I'm a geographer, not an astronomer, so there's your grain of salt.
If all you need is the hour angle, then you could just substitute the moon for the sun in this equation you posted here:
How do I calculate solar altitude and hour angle from the surface of another planet?
...But as you've posted here:
what you're really after is
a standing stone calendar that'll accurately denote where to look for my planet's moon at its four major phases
And that's not something the hour angle can tell you. The tl;dr is that
your full moons will not be in the same places every month;
the hour angle seems to only give you you degrees longitude;
and you'll also need a predictor of latitude to tell where they are.
The long version is that this is due to a combination of two reasons.
First of all...
You have exactly 20 lunar months for one solar year (640.04 days around the sun / 32.002 days around the planet). You're going to have exactly twenty new moons, twenty full moons, etc throughout your year. And that's fine.
You also have 768.68804 solar hours per lunar month (24.02 times 32.002).
This is also fine, but that .68804 is important. I'll get back to it near the end.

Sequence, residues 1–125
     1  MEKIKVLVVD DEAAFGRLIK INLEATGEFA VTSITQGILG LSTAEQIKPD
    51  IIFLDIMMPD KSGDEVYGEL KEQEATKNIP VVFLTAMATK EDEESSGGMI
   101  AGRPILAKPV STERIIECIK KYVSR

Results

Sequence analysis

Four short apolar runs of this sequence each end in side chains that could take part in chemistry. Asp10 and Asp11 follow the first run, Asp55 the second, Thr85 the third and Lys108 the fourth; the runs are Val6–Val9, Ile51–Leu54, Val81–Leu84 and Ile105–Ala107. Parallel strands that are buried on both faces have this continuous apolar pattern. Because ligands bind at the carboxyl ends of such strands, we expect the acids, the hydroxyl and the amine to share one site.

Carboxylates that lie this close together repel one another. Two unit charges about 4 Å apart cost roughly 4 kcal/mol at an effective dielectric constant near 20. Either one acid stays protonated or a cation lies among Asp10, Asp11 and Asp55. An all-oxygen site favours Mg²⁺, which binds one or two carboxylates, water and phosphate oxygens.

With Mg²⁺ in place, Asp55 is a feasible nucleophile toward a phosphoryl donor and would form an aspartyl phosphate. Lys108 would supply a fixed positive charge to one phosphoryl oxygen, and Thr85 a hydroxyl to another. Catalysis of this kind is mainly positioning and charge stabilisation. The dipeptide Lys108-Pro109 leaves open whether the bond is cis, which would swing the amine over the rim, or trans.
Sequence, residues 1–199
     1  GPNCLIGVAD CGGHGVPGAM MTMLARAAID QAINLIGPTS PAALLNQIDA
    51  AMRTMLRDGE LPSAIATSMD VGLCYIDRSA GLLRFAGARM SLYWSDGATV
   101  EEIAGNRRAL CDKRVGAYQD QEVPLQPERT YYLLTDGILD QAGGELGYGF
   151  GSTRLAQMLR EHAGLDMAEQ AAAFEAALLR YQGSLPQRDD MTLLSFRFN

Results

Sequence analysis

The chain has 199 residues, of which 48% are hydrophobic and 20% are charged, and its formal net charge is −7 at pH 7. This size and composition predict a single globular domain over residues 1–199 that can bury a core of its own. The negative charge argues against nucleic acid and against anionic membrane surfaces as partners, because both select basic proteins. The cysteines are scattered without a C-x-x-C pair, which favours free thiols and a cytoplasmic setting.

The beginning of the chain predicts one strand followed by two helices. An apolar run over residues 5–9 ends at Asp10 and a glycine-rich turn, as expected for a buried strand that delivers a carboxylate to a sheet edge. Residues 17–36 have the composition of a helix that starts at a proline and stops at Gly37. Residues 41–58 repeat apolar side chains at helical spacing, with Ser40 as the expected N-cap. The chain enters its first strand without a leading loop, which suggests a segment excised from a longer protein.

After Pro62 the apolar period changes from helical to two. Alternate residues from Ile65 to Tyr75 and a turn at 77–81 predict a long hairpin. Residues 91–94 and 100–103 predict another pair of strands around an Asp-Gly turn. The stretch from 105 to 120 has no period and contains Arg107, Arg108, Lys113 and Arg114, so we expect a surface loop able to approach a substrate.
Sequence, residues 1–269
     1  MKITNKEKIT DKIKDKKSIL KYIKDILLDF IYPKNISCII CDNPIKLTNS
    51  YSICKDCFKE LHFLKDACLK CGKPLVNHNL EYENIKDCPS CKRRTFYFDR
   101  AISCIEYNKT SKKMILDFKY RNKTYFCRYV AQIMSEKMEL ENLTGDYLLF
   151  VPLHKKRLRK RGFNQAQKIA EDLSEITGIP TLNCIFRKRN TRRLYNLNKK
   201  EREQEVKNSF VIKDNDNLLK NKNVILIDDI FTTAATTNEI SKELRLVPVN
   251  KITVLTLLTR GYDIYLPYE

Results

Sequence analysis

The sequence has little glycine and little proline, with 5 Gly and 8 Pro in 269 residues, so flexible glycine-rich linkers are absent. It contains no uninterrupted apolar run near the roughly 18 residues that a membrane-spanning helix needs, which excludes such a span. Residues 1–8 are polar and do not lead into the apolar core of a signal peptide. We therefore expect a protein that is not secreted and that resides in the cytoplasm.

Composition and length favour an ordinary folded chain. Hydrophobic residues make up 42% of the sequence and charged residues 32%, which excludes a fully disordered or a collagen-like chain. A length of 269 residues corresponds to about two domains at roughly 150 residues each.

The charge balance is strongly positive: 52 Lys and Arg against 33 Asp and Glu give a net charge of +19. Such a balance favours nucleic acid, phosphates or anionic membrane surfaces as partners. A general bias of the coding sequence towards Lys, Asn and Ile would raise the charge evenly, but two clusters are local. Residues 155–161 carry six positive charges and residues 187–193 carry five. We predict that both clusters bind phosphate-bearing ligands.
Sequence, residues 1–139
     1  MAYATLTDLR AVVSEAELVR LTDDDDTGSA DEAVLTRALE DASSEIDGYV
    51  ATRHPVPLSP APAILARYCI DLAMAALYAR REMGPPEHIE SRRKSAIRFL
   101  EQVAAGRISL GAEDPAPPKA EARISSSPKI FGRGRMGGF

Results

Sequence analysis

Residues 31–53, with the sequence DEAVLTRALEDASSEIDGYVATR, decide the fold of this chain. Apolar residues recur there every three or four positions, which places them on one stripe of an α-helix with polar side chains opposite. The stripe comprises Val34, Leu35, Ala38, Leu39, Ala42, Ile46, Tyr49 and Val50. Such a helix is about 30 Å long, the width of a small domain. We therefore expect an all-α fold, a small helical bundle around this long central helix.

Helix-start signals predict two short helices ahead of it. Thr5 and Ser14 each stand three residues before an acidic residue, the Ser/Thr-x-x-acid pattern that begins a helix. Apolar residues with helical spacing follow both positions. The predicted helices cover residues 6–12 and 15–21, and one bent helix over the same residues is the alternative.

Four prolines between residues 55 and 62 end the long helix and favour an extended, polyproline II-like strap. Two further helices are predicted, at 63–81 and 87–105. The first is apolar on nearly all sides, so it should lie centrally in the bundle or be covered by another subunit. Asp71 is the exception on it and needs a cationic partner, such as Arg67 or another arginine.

More importantly, your moon's orbital inclination is 9.92 degrees off the ecliptic in relation to a planet whose axial tilt is 14.92 degrees (for reference, our moon has an inclination of 5.145 degrees in relation to Earth's 23.5 degree axial tilt). And that's also fine.
So, assuming your planet and moon have the same dimensions as Earth and our Moon, here's a not-to-scale diagram of what your system will look like if we assume your moon reaches its highest latitude in the northern sky on the same day as the northern summer solstice.
And here's a closeup of your planet on that hypothetical day. The upper red line denotes the highest northern latitude that will, from their perspective, see the moon as directly overhead.
Now, let's both flip the planet and reflect the moon's orbital inclination 9.92 degrees below the pink line so that your moon reaches its highest latitude in the southern sky during the southern summer solstice. In this case, it's the lower red line that is the highest southern latitude that will see the moon as directly overhead.
By these powers combined...
The result of these two things is that your moon is going to create a sinusoidal path, like the ones described here:
Because of the .68804 hours (which is about 41 minutes, 19 seconds) each apogee and perigee of your moon will occur not quite 10 degrees, 15 minutes of longitude away from the previous one. This creates the overlapping wave pattern in the video posted above.
And that sinusoidal path means that all twenty of your full moons will rise at different latitudes on the horizon between those two red lines over the course of the year, similar to how the sun rises at different points between the Tropics of Cancer and Capricorn over the course of a year here on Earth.
This isn't to say that you can't make your calendar. But to the best of my knowledge, the sin waves used in the equation for hour angles describe the longitudinal motion of a celestial body over a planet, and you'll need something to describe the latitudinal motion as well.